Fig. 3 a Foliar %N in control (open circle) and heated (filled circle) leaves ±1SE. Percent N is not available for year 4. A pre-treatment correction factor was applied to the %N values. b Percent change in leaf N content in the heated area relative (more ...)
Overall, we saw no significant stand-level responses of leaf N resorption efficiency with warming. However, we did see significant species-level differences (Fig. a–c). Red maple had the highest leaf N resorption compared to red oak and white ash in the warmed area (P < 0.01 for each year), and its leaf N resorption efficiency increased relative to the control by year 3 (P < 0.05 for each year). By year 6, oaks had a significant decrease in N resorption in response to warming (P = 0.04). White ash had a variable response in leaf resorption, with a positive response to warming in year 2 and a negative response to warming in year 3 (P = 0.05 and 0.01, respectively).
Fig. 4 Average percent N resorption for a red maple b red oak and c white ash in the control (open circles) and heated (filled circles) areas. Lines represent %N values retained in the trees during senescence by species ±1SE. A pre-treatment (more ...)
We sampled NRA during an expected peak in seasonal NO3− availability in 2009. Overall, oaks had the highest NRA in the heated and control areas, followed by white ash and red maple (Table ).
Table 1 Nitrate reductase activity corrected for canopy mass in 2008 (μmoles NO2− m−2 litter mass h−1) by species in the control and heated areas ±1SE; P = 0.77, 0.042, and 0.23 for red maple, white (more ...)
Warming had significant effects on plant C cycling. Overall, there was an increase in C storage with warming (Melillo et al. 2011
). In addition, after correcting for pre-treatment differences, we saw a significant increase in the relative growth rate in trees on the heated area through time (P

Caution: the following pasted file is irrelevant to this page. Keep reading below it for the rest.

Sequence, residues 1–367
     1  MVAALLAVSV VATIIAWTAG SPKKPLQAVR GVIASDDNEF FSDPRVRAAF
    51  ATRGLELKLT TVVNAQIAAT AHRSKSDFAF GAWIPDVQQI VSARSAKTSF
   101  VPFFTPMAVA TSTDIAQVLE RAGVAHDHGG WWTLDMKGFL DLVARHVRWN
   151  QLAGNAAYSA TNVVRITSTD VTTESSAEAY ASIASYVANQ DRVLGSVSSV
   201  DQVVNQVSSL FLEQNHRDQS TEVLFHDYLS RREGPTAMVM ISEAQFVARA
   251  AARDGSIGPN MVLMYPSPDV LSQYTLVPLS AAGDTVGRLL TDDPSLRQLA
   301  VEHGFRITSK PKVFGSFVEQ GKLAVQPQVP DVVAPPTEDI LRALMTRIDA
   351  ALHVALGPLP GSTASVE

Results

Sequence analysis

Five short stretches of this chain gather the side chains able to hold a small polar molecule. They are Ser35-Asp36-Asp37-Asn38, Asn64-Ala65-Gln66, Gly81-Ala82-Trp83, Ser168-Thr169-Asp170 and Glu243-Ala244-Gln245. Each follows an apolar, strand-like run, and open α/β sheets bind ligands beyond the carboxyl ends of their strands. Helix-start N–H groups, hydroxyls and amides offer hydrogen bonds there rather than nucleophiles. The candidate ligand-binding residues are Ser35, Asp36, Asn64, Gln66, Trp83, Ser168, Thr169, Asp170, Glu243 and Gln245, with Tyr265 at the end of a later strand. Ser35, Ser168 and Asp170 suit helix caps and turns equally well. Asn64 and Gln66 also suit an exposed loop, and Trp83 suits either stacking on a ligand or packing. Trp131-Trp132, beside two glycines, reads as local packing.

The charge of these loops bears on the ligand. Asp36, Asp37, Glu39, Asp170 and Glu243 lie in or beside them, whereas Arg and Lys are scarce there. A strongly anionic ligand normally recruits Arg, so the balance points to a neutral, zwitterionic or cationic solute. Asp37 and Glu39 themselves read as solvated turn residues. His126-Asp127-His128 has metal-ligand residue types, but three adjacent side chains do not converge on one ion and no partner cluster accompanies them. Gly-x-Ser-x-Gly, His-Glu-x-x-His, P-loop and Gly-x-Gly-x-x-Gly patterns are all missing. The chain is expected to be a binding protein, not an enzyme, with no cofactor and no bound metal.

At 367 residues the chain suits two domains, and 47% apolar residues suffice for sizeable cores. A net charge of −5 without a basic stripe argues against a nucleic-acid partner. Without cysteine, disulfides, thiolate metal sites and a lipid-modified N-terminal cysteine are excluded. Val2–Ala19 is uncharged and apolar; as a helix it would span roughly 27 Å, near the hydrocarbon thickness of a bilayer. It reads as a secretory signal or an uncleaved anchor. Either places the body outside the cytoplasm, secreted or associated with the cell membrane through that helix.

= 0.007) (Fig. a). We saw varied species-specific responses to warming. Red maple showed the largest and most consistent response to warming, doubling its relative growth rate in the warmed areas (P
= 0.01) (Fig. b). While red oak had the greatest increase in biomass and trends toward increased relative growth rate in the heated area, the difference was not significant (P
= 0.20) (Fig. c). White ash showed no consistent pattern of increased relative growth rates with warming (P
= 0.47) (Fig. d).
Fig. 5 a Average relative growth rate for heated (filled circle) (n = 74) and control (n = 83) (open circles) areas ±1SE. b Relative growth rate of oak species (red and black oaks) in control (open circles) (n (more ...)
In addition to increases in woody biomass, we saw overall increases in litterfall with warming (60 kg C ha−1). Litterfall was used here as a proxy for canopy mass. Oak litterfall showed the greatest increase in response to warming by year 5 (P = 0. 006), with an average annual increase in litterfall of 35% relative to the control over the past 7 years. The other dominant species showed more variation through time, with no clear pattern emerging.